Journal of Sports Science and Medicine
Journal of Sports Science and Medicine
ISSN: 1303 - 2968   
Ios-APP Journal of Sports Science and Medicine
Androit-APP Journal of Sports Science and Medicine
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©Journal of Sports Science and Medicine (2024) 23, 114 - 125   DOI: https://doi.org/10.52082/jssm.2024.114

Research article
Effect of High-Intensity Interval Exercise versus Continuous Low-Intensity Aerobic Exercise with Blood Flow Restriction on Psychophysiological Responses: A Randomized Crossover Study
Victor S. de Queiros1, , Nicholas Rolnick2, Angelo Sabag3, Phelipe Wilde1, Thiago Peçanha4, Rodrigo Ramalho Aniceto5, Roberto Felipe Câmara Rocha6, Douglas Z. Delgado7, Breno Guilherme de Araújo Tinôco Cabral7, Paulo Moreira Silva Dantas1,7
Author Information
1 Graduate Program in Health Sciences, Federal University of Rio Grande do Norte (UFRN), Natal-RN, Brazil
2 The Human Performance Mechanic, CUNY Lehman College, New York, USA
3 Discipline of Exercise and Sport Science, Faculty of Medicine and Health, The University of Sydney, Sydney, Australia
4 Department of Sport and Exercise Sciences, Manchester Metropolitan University Institute of Sport, Manchester Metropolitan University, Manchester, UK
5 Study and Research Group in Biomechanics and Psychophysiology of Exercise, Federal Institute of Education, Science and Technology of Rio Grande do Norte, Currais Novos-RN, Brazil
6 Department of Physical Education, Federal University of Rio Grande do Norte (UFRN), Natal-RN, Brazil
7 Graduate Program in Physical Education, Federal University of Rio Grande do Norte (UFRN), Natal-RN, Brazil

Victor S. de Queiros
✉ Graduate Program in Health Sciences, Federal University of Rio Grande do Norte (UFRN), Natal-RN, Brazil
Email: victor.sabino.121@ufrn.edu.br
Publish Date
Received: 06-12-2023
Accepted: 09-01-2024
Published (online): 01-03-2024
 
 
ABSTRACT

This study compared the effect of continuous low-intensity aerobic exercise with blood flow restriction (LI-AE-BFR) versus high-intensity interval exercise (HIIE), matching total external mechanical work between conditions, on perceptual (exertion, pain, affective and pleasure) and physiological responses (heart rate [HR], blood lactate [BL] and muscle fatigue). Ten healthy untrained men (25.6 ± 3.78 years old; 75.02 ± 12.02 kg; 172.2 ± 6.76 cm; 24.95 ± 3.16 kg/m²) completed three visits to the laboratory. In visit 1, anthropometry, blood pressure and peak running velocity on the treadmill were measured. In visits 2 and 3, participants were randomly assigned to HIIE or LI-AE-BFR, both in treadmill. HIIE consisted of 10 one-minute stimuli at 80% of peak running velocity interspersed with one-minute of passive recovery. LI-AE-BFR consisted of 20-minutes of continuous walking at 40% of peak running velocity with bilateral cuffs inflated to 50% of arterial occlusion pressure. BL and maximum isometric voluntary contraction (MIVC - fatigue measure) were measured pre- and immediately post-exercise. HR, rating of perceived exertion (RPE), and rating of perceived pain (RPP) were recorded after each stimulus in HIIE and every two minutes in LI-AE-BFR. Affective response to the session, pleasure, and future intention to exercise (FIE) were assessed 10 minutes after the intervention ended. Increases in BL concentrations were greater in HIIE (p = 0.028; r = 0.51). No effects time or condition were reported for MIVC. HR was higher in HIIE at all analyzed time points (p < 0.001; d = 3.1 to 5.2). RPE did not differ between conditions (p > 0.05), while average session RPP was higher in LI-AE-BFR (p = 0.036; r = 0.46). Affective positive response (p = 0.019; d = 0.9) and FIE (p = 0.013; d = 0.97) were significantly higher in HIIE. Therefore, HIIE elicited higher physiological stress, positive affective response, and intention to engage in future exercise bouts compared to LI-AE-BFR.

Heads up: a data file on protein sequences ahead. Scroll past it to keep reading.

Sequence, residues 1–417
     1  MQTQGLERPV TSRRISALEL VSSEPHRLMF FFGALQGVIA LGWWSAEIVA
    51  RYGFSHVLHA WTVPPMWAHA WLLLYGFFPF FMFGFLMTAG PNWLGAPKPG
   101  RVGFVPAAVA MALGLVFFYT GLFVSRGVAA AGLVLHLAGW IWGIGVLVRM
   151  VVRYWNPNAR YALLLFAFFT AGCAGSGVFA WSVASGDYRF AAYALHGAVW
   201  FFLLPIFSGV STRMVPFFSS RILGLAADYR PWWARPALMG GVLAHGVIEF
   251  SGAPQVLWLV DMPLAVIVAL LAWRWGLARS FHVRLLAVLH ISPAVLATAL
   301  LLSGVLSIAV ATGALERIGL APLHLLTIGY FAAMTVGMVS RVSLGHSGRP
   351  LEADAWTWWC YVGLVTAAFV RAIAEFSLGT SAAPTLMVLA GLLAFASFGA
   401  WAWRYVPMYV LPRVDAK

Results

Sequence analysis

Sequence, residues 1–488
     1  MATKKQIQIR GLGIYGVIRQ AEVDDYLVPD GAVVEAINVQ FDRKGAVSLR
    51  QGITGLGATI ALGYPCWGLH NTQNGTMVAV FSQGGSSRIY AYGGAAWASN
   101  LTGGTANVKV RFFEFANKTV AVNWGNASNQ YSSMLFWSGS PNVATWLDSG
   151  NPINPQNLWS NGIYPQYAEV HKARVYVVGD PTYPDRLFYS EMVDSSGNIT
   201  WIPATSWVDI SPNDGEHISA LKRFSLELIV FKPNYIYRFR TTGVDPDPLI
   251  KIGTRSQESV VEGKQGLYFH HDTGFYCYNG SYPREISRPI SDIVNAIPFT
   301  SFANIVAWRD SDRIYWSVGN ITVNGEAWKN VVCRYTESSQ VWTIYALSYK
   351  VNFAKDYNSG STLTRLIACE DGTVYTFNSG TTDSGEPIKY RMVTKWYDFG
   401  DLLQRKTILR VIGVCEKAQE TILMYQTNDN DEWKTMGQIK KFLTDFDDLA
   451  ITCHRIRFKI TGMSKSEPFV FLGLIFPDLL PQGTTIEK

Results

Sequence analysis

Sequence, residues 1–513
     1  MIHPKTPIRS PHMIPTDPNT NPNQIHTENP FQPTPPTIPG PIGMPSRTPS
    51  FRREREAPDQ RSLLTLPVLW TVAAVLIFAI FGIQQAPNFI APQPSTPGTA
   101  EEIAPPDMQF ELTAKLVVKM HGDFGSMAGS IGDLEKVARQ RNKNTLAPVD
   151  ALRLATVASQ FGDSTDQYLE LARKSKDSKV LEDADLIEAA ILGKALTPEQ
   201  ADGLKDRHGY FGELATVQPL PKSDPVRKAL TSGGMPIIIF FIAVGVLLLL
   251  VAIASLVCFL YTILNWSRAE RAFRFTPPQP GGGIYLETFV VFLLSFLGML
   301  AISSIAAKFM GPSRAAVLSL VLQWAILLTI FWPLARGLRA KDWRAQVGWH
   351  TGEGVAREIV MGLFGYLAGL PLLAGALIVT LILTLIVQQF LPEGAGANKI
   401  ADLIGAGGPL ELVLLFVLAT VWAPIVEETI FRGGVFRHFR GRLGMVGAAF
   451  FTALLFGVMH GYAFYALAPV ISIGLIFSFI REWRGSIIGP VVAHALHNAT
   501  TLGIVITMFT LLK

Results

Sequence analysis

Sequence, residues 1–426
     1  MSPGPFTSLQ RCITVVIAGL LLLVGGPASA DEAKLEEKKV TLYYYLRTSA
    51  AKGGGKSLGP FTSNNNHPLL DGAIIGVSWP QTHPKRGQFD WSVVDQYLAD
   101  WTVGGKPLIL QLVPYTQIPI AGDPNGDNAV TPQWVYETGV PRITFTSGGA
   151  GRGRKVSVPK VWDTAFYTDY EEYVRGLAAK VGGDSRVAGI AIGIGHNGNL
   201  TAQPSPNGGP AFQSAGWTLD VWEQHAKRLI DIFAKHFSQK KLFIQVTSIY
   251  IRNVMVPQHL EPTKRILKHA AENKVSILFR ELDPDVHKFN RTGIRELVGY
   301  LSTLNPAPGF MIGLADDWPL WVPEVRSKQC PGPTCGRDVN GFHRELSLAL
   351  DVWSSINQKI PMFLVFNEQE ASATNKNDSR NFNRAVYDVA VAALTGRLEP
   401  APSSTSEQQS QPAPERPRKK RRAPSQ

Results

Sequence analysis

Key words: Blood Flow Restriction Therapy, Physical Exertion, Affect, Endurance Training


           Key Points
  • Continuous low-intensity aerobic exercise with blood flow restriction elicited reduced affective responses when compared to high-intensity interval exercise;
  • Future engagement intention was greater in high-intensity interval exercise than in continuous low-intensity aerobic exercise with blood flow restriction;
  • Continuous low-intensity aerobic exercise with blood flow restriction elicited less pronounced physiological stress than high-intensity interval exercise.
 
 
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